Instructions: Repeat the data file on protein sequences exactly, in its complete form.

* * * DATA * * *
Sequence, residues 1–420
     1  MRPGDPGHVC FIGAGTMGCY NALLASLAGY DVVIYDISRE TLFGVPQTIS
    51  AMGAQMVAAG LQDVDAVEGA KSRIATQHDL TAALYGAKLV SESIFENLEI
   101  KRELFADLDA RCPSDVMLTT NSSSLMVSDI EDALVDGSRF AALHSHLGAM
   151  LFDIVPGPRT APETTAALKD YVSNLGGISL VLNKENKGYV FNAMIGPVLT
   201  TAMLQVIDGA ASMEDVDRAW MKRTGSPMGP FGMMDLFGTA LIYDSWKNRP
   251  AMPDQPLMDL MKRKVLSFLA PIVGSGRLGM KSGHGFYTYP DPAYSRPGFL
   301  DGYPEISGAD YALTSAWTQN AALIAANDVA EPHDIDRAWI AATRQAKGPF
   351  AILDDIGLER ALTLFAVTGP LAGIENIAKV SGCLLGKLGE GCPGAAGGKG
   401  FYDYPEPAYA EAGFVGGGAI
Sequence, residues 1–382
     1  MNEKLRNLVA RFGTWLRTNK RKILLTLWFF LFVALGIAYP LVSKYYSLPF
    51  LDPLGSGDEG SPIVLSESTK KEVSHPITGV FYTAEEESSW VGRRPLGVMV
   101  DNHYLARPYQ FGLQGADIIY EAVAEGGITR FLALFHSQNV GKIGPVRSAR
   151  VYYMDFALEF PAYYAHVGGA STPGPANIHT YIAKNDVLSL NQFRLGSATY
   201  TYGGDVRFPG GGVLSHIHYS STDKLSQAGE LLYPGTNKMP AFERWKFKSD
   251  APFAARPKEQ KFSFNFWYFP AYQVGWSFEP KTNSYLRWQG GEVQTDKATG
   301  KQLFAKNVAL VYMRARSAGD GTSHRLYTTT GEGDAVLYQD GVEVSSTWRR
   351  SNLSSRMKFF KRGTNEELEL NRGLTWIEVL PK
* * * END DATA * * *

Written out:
Sequence, residues 1–420
     1  MRPGDPGHVC FIGAGTMGCY NALLASLAGY DVVIYDISRE TLFGVPQTIS
    51  AMGAQMVAAG LQDVDAVEGA KSRIATQHDL TAALYGAKLV SESIFENLEI
   101  KRELFADLDA RCPSDVMLTT NSSSLMVSDI EDALVDGSRF AALHSHLGAM
   151  LFDIVPGPRT APETTAALKD YVSNLGGISL VLNKENKGYV FNAMIGPVLT
   201  TAMLQVIDGA ASMEDVDRAW MKRTGSPMGP FGMMDLFGTA LIYDSWKNRP
   251  AMPDQPLMDL MKRKVLSFLA PIVGSGRLGM KSGHGFYTYP DPAYSRPGFL
   301  DGYPEISGAD YALTSAWTQN AALIAANDVA EPHDIDRAWI AATRQAKGPF
   351  AILDDIGLER ALTLFAVTGP LAGIENIAKV SGCLLGKLGE GCPGAAGGKG
   401  FYDYPEPAYA EAGFVGGGAI
Sequence, residues 1–382
     1  MNEKLRNLVA RFGTWLRTNK RKILLTLWFF LFVALGIAYP LVSKYYSLPF
    51  LDPLGSGDEG SPIVLSESTK KEVSHPITGV FYTAEEESSW VGRRPLGVMV
   101  DNHYLARPYQ FGLQGADIIY EAVAEGGITR FLALFHSQNV GKIGPVRSAR
   151  VYYMDFALEF PAYYAHVGGA STPGPANIHT YIAKNDVLSL NQFRLGSATY
   201  TYGGDVRFPG GGVLSHIHYS STDKLSQAGE LLYPGTNKMP AFERWKFKSD
   251  APFAARPKEQ KFSFNFWYFP AYQVGWSFEP KTNSYLRWQG GEVQTDKATG
   301  KQLFAKNVAL VYMRARSAGD GTSHRLYTTT GEGDAVLYQD GVEVSSTWRR
   351  SNLSSRMKFF KRGTNEELEL NRGLTWIEVL PK